Programmer, Peptide Synthesizer

Description (Brief)
Proteins, which are among the most diverse and important molecules in the natural world, are built from long chains of smaller molecules known as amino acids. In the early 1960s, scientists synthesized proteins by assembling amino acids into chains one by one. The time-consuming reaction required crystallization and purification of the product after each addition of an amino acid “link” to the protein chain.
In 1963 Bruce Merrifield, a biochemist at Rockefeller University in New York, described a new method for making short-chain proteins from scratch. His reaction, known as solid phase peptide synthesis, eliminated the need to crystalize and purify the product. This breakthrough greatly increased yields and opened the door for scientists to synthesize a wider variety of proteins. Merrifield’s work won him the 1984 Nobel Prize in Chemistry. Much of today’s industrial production of complex organic molecules still relies on Merrifield’s original reaction.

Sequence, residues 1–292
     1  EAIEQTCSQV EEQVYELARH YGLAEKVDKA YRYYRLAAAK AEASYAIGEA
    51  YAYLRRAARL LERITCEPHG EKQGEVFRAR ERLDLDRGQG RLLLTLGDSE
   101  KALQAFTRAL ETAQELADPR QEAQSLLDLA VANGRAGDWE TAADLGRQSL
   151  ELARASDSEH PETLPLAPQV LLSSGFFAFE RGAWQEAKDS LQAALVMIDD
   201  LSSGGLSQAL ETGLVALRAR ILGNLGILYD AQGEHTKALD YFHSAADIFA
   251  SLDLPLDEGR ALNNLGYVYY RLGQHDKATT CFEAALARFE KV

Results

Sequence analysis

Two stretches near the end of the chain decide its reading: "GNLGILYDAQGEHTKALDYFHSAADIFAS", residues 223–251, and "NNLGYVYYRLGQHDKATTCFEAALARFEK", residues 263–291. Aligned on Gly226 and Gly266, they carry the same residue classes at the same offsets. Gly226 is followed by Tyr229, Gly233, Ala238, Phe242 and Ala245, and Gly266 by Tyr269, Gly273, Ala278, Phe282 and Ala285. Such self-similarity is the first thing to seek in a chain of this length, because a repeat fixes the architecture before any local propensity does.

In 1965 Merrifield and his partners, John Stewart and Nils Jernberg, built a machine that automated the chemical reaction. Their peptide synthesizer, consisting of a programmer and a reaction vessel, was the first protein-making machine. This object is the original programmer.
Currently not on view
Object Name
programmer, peptide synthesizer
date made
Physical Description
metal (overall material)
glass (overall material)
overall: 28 in x 21 1/2 in x 18 in; 71.12 cm x 54.61 cm x 45.72 cm
ID Number
catalog number
accession number
patent number
Science & Mathematics
Science & Scientific Instruments
See more items in
Medicine and Science: Medicine
Data Source
National Museum of American History, Kenneth E. Behring Center
Credit Line
Gift of Rockefeller University through Bruce Merrifield

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